Drizzle the oil in the frying pan, and get it nice and hot (you can test this by splashing a little water at the pan. If it sizzles when it hits the oil, it's hot enough). Sauteè the veggies for a moment, moving them around the pan to get them nice and caramelized. Add the tofu (it should be turning yellow, because of the spices), and add the lemon juice and Worcestershire sauce into the hot pan. You can add a bit of non-dairy butter to the pan too, if you like.

Toast a few pieces of wheat bread while the tofu cooks. Add in your salt and pepper, and brown the tofu and veggies. Add in any non-dairy cheeses if you like, and serve immediately with toast.

Caloric Info
Servings 2
Total Fat: 18.5 grams
Sat Fat: 2.2 grams
Polyunsat. Fat 8.3 grams
Monosat. Fat: 6.5 grams
Cholesterol: 0 grams
Sodium: 254.3 mg
Potassium: 582.9 mg
Carbs: 17.0 grams
Dietary Fiber: 5.8 grams
Sugar: 3.1 grams
Protein: 24.9 grams

Creamy Avocado Potato Salad


To take a page from Isa Chandra Moskowitz's book (quite literally), we've started making a healthier potato salad for small side dishes. It was in Vegan Brunch when she proposed making it with avocados. Below is our take on her idea.

2-3 small yukon gold potatoes, peeled, chopped in to small pieces, boiled and cooled
1 small onion
1 very ripe avocado
3-4 tbsps lime juice
2 tsp silken tofu (or vegan sour cream)
1 stalk celery
1 small tomato (optional)
cumin, salt and pepper to taste

Peel and chop your potatoes Boil them in slightly salted water for 10-15 minutes, or until soft. Drain them, and set them aside to cool.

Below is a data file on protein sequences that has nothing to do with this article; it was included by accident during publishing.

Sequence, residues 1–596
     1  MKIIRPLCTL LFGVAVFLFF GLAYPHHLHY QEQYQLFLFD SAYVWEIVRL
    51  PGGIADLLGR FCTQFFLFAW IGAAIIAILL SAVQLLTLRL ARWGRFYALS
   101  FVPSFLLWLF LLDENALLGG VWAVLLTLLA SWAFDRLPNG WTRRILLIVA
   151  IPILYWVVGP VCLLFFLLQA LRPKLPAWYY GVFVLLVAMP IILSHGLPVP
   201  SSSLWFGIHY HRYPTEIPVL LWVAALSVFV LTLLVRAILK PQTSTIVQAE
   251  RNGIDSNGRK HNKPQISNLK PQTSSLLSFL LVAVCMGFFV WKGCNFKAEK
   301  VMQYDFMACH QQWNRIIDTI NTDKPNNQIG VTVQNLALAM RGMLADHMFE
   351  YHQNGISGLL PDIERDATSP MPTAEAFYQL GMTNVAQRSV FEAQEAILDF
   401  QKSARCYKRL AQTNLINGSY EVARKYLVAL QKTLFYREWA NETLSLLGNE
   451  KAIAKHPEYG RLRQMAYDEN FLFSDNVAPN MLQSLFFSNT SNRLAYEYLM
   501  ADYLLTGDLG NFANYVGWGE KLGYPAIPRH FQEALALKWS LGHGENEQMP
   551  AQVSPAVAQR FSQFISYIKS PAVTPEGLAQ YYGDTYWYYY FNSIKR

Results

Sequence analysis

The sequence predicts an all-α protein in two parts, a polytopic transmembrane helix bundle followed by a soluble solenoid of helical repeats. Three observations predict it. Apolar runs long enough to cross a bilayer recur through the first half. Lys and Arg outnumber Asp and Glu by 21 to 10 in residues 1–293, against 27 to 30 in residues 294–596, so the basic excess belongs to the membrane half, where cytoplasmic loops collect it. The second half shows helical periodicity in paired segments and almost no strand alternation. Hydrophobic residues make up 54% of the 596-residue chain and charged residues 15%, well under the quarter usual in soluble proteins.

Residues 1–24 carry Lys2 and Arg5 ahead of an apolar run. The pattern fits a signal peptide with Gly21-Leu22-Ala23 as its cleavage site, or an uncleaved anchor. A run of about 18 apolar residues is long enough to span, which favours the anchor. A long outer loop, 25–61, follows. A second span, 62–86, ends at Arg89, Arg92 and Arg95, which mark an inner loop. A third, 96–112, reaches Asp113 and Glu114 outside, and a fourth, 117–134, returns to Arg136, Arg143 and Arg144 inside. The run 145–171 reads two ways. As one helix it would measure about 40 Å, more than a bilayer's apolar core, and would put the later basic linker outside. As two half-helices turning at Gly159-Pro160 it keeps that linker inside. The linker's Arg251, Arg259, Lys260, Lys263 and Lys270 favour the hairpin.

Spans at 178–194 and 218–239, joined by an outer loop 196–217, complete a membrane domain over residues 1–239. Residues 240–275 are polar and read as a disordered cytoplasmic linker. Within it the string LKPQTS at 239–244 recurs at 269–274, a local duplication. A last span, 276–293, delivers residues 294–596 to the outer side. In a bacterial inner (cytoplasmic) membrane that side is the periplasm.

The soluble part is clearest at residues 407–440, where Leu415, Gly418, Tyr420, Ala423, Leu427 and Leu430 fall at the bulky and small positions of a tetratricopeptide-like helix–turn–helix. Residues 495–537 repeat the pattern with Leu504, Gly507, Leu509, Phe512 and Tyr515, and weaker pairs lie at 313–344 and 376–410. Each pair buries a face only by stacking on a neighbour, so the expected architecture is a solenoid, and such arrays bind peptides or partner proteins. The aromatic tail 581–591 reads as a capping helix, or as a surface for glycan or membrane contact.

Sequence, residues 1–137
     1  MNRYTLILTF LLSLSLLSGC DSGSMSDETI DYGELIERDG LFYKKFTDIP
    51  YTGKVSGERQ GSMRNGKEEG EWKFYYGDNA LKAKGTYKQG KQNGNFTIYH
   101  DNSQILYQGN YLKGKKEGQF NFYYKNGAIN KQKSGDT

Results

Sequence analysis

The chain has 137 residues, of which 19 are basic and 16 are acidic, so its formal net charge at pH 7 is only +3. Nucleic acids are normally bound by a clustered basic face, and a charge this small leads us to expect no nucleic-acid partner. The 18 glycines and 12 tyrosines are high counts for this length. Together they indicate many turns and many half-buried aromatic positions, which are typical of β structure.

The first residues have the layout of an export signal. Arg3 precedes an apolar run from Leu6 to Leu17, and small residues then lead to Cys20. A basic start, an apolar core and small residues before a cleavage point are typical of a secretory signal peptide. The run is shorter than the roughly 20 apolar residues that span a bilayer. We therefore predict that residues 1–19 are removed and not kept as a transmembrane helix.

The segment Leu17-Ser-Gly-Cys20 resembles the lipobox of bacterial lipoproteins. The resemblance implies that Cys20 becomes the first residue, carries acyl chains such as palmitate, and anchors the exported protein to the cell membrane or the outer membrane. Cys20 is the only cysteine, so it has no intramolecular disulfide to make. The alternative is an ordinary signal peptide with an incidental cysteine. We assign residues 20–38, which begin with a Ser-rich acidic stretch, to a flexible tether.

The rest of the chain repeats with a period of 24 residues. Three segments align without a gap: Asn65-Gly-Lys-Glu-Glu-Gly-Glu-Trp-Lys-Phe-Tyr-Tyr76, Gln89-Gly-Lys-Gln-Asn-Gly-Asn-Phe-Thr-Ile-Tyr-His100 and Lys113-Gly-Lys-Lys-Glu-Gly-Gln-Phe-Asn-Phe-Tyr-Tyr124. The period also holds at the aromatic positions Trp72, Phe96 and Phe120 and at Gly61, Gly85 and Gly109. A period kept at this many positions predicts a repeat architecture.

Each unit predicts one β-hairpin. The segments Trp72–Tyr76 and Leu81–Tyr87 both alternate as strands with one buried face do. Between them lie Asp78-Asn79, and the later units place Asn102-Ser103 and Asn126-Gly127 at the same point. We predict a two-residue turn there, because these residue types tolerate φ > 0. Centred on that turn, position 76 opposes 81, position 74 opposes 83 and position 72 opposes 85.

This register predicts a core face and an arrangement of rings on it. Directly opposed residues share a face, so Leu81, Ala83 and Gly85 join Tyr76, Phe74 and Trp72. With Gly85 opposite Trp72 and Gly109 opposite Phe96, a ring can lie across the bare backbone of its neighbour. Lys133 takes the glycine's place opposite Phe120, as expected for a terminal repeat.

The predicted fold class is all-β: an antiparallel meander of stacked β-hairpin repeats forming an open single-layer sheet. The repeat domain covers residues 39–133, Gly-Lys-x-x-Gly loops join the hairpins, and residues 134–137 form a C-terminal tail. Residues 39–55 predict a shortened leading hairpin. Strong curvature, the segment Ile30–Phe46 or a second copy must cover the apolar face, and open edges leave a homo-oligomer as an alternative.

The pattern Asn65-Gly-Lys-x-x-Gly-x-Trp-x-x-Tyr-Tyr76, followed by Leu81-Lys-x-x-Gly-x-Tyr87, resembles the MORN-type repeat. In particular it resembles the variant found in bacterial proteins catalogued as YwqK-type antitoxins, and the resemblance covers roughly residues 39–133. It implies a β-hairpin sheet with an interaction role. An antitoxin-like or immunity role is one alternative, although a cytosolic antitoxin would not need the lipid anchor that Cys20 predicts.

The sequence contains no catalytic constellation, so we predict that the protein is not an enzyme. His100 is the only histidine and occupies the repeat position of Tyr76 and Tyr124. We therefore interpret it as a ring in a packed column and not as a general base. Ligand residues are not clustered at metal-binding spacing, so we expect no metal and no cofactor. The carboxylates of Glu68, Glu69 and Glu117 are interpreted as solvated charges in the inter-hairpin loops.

Chop the onion and celery stalk and set aside.

Run a sharp knife into the avocado from end to end, as though you are going to cut it in half. Instead, cut until you reach the pit, then slide your knife through the rest of the avocado, following the pit, through the rest of the avocado lengthwise (so you cut through the whole thing except the pit). Then, hold both sides, and twist from opposite directions - the avocado should come right apart, leaving the pit in one side. Scoop that out and throw it away.

Using a melon-baller, scoop the insides away from the skin, getting as close as you can without damaging the rind. Put the avocado insides in a mixing bowl, and add the lime juice. Let the avocado soak in the juice for a few minutes, so that the avocado can get soft.

Once it feels soft and is starting to look a bit creamier, use a fork to mash the avocado into a thick consistency (obviously, there will be a few whole pieces). From here, you can put the avocado in a blender or food processor if you wish, but it's not necessary if you don't mind a few avocado chucks here and there.

Mix in the cut-up celery, onion, and add the silken tofu (optional, for consistency. But, you can also use a bit of vegan sour cream, if you prefer) using the fork. Mash it all together until you are happy with the consistency, and then add salt, pepper, and cumin to taste.

Add the potatoes to your avocado mixture, and place the whole thing in the fridge for a few minutes. Then, use your avocado rind to serve in the small "dishes", as soon in the picture above.

Caloric Info
Servings 4
Total Fat: 9.5 grams
Sat Fat: 1.3 grams
Polyunsat. Fat 1.4 grams
Monosat. Fat: 5.8 grams
Cholesterol: 0 grams
Sodium: 15.0 mg
Potassium: 844.5 mg
Carbs: 24.4 grams
Dietary Fiber: 6.3 grams
Sugar: 2.5 grams
Protein: 4.9 grams